The Chief Finance Officer said that the budget gap of £3.2m needed to be closed in order for the Council to become self-sufficient.  Reserves had been used to balance the 2019/20 budget and the 2020/21 budget would benefit from windfalls received in order to close the gap.  The Chief Finance Officer said that following on from this, it was expected that the Council's new Business Plan would be in place and would set out how savings, driven by Cabinet, would be made.

 

In reference to a question on future Civil Parking Enforcement (CPE) costings, the Chief Finance Officer said that estimated costs had been received but that an estimate on income had not been received.  The Committee was advised that this would be received in January 2020.  Councillor Cook added that Cabinet would be receiving a briefing on 17 December 2019 regarding a report on the introduction of CPE.

 

The Chairman asked what scope there was for making savings through actions such as changing energy suppliers and reducing insurance premiums.  The Chief Finance Officer noted that savings of £200,000 had recently been achieved through a new, single insurance policy for East Suffolk Council.  External auditor fees had also reduced now that there was a single council.  He confirmed that savings through energy suppliers could be explored.

 

There being no further questions, the Chairman moved to the recommendation as set out in the report.

 

On the proposition of Councillor Lynch, seconded by Councillor Robinson it was by unanimous vote

 

RESOLVED

 

That the draft Medium Term Financial Strategy 2020/21 to 2023/24 be reviewed, commented upon, and recommended to Cabinet. 

7 Scrutiny Committee's Forward Work Programme
To consider the Committee's Forward Work Programme
7

The Scrutiny Committee received and reviewed its current forward work programme and the Council's Forward Plan of Key and Exempt Decisions.

 

The Committee identified several items for its future review:

 

  • Cabinet Member Updates - that the following Cabinet Members be invited to future meetings of the Scrutiny Committee
    • The Cabinet Member with responsibility for Community Health - May 2020
    • The Cabinet Member with responsibility for Housing - September 2020
  • Draft East Suffolk Council Strategic Plan to review, comment upon and make recommendations to Cabinet (prior to being submitted to Full Council in late February for approval), to be reviewed at the Committee's meeting in January 2020.
  • Asset Management Strategy a review of its policies for the purchase and construction of new assets, investment in existing assets, the transferring of assets to other organisations and the disposal of surplus assets to be considered for a review at the Committee's meeting in July 2020. 
  • Review of how road closure permits were managedIt was agreed that, further to the discussions on this matter at the Committee's meeting on 26 September 2019, that the Suffolk County Council Cabinet Member with responsibility for Transport be invited to the Committee's meeting in March 2020.
  • To receive a report following the Officer review of the Council’s contracts with its Development Agents at the Committee's meeting in September 2020 to ensure the required documentation to validate the contamination status of sites was received at an earlier stage to avoid undue delays.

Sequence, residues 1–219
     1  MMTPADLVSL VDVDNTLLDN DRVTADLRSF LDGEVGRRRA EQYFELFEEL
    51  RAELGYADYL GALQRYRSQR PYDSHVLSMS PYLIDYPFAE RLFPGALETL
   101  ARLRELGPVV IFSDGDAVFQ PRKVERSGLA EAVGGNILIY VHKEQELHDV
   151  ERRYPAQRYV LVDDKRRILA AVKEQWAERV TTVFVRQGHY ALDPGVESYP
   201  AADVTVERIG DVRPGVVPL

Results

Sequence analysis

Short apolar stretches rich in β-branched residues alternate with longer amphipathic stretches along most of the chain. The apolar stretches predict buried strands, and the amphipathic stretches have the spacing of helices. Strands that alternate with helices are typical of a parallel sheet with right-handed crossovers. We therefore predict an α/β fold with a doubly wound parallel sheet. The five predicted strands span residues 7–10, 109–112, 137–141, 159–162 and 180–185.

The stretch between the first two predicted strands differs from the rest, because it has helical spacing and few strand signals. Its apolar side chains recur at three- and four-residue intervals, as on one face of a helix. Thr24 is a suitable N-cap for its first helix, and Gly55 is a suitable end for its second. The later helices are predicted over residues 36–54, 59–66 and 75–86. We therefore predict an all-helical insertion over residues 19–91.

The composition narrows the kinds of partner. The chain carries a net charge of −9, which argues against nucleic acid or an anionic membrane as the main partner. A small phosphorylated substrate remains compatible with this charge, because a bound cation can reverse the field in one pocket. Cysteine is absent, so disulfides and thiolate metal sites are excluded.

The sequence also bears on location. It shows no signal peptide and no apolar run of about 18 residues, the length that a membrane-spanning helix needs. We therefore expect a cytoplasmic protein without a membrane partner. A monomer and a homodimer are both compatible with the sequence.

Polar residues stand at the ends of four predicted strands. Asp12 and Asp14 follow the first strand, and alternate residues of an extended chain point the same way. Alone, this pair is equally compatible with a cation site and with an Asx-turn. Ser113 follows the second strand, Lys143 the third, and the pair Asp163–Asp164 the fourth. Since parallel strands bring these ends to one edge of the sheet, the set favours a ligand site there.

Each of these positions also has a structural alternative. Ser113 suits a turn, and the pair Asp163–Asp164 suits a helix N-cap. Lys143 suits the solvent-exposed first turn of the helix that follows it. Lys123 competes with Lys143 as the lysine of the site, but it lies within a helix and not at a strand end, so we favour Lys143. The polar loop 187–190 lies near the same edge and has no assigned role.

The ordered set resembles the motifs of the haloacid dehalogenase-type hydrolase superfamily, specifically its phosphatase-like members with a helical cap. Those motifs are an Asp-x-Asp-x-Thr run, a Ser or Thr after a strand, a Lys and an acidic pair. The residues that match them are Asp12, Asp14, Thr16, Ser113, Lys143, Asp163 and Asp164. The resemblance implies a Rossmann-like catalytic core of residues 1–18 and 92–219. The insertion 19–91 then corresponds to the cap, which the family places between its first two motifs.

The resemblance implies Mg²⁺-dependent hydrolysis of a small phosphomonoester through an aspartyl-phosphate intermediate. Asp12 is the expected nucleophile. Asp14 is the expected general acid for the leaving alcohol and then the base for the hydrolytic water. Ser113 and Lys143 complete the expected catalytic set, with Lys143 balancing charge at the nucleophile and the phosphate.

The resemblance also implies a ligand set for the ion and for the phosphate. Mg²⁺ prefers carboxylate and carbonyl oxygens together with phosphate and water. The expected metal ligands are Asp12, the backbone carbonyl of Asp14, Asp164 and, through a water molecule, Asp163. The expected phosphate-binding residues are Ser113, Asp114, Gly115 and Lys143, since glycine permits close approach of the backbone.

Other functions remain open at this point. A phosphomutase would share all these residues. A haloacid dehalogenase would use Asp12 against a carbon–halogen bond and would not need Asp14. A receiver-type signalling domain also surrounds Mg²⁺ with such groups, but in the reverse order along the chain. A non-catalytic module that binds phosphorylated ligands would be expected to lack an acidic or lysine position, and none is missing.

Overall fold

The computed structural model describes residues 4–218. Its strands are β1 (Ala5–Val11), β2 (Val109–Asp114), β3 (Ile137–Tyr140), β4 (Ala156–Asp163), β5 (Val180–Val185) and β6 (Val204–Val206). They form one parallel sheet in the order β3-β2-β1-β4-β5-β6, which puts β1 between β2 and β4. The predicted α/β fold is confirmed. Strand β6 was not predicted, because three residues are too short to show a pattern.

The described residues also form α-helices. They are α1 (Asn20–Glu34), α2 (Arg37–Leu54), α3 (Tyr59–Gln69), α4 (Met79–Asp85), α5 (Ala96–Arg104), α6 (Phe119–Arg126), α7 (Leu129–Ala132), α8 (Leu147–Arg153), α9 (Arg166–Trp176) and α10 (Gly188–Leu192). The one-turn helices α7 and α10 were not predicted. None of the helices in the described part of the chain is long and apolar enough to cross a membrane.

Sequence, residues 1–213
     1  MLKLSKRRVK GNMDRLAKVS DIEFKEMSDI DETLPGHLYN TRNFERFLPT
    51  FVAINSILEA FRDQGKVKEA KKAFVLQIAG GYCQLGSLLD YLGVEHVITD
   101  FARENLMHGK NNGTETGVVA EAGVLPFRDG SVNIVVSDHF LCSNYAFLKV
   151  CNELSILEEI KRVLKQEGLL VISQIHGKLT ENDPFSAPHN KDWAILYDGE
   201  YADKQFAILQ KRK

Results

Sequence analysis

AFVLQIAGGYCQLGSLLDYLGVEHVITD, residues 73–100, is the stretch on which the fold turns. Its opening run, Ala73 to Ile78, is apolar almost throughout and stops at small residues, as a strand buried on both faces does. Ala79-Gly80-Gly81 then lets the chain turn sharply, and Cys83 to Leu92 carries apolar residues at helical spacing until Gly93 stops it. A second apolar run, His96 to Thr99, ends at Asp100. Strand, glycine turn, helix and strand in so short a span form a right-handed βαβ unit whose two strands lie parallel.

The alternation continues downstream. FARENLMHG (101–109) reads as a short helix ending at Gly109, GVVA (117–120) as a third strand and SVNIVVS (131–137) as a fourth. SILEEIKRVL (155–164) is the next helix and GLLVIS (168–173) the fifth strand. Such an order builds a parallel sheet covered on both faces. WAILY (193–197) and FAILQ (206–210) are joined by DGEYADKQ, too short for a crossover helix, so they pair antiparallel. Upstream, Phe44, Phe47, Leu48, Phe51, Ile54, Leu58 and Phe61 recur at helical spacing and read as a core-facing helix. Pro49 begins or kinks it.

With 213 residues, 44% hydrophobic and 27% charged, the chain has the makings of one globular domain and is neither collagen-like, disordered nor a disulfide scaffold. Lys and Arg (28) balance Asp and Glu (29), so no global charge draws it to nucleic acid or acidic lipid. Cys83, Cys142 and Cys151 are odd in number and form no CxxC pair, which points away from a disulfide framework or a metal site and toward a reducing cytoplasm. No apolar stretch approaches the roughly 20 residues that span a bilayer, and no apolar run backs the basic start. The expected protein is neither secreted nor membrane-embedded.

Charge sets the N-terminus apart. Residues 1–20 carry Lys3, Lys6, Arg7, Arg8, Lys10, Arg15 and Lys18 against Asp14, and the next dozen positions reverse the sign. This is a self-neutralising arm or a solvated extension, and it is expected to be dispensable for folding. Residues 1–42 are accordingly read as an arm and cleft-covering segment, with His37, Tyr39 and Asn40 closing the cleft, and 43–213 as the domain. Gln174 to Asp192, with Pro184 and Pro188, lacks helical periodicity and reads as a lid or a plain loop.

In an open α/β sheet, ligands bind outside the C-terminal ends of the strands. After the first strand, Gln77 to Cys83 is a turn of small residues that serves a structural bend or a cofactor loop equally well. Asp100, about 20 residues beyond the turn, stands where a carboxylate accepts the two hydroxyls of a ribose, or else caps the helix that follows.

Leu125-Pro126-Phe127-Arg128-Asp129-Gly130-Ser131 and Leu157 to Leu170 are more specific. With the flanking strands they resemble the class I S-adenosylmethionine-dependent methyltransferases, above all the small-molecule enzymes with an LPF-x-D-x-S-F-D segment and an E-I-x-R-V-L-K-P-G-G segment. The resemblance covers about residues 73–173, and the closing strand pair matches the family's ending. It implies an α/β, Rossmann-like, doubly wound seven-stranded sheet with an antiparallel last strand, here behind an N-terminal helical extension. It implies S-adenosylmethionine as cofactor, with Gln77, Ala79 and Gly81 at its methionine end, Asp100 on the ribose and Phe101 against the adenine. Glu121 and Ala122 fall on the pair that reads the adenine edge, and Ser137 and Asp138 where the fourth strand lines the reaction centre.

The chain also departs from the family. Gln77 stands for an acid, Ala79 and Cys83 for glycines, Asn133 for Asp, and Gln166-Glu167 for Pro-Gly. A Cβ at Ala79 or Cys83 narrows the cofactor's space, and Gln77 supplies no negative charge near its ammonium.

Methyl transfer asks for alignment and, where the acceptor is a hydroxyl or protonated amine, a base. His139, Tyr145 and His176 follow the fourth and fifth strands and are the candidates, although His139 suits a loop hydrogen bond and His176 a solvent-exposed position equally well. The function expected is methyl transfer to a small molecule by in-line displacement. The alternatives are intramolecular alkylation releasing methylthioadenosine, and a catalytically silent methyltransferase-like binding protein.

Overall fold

• To receive a report on the Housing New Build strategy at the Committee's meeting in September 2020, focussing on how it is intended to identify and obtain both suitable housing land and dwellings to purchase in order to meet the target of 50 dwellings per year.

 

The Chairman suggested to the Committee that it could consider calling additional meetings in the future, on an ad hoc basis, in order to ensure topics were given a fair hearing.  In response to a suggestion on the use of Task and Finish Groups, he stated that any such groups would need to have a clearly defined remit and be closely managed.

 

Councillor Topping left the meeting at the conclusion of this item.

8 Exempt/Confidential Items

It is recommended that under Section 100(a)(4) of the Local Government Act 1972 (as amended) the public be excluded from the meeting for the following item of business on the grounds that it involves the likely disclosure of exempt information as defined in Paragraph 3 of Part 1 of Schedule 12A of the Act.     

8

 

RESOLVED

 

That under Section 100(a)(4) of the Local Government Act 1972 (as amended) the public be excluded from the meeting for the following item of business on the grounds that it involves the likely disclosure of exempt information as defined in Paragraph 3 of Part 1 of Schedule 12A of the Act.

Part Two - Confidential
9 Exempt Minutes
  • Information relating to the financial or business affairs of any particular person (including the authority holding that information).

Declarations of Interests

Member NameItem Ref.DetailsNature of DeclarationAction
No declarations of interest have been entered for this meeting.

Visitors

Officers present:

Stephen Baker (Chief Executive), Andy Jarvis (Strategic Director), Nick Khan (Strategic Director), Matt Makin (Democratic Services Officer), Brian Mew (Interim Finance Manger), Lorraine Rogers (Finance Manager), Sam Shimmon (Tenant Services Manager), Julian Sturman (Senior Accountant), Simon Taylor (Chief Finance Officer and Section 151 Officer), Amber Welham (Senior Accountant)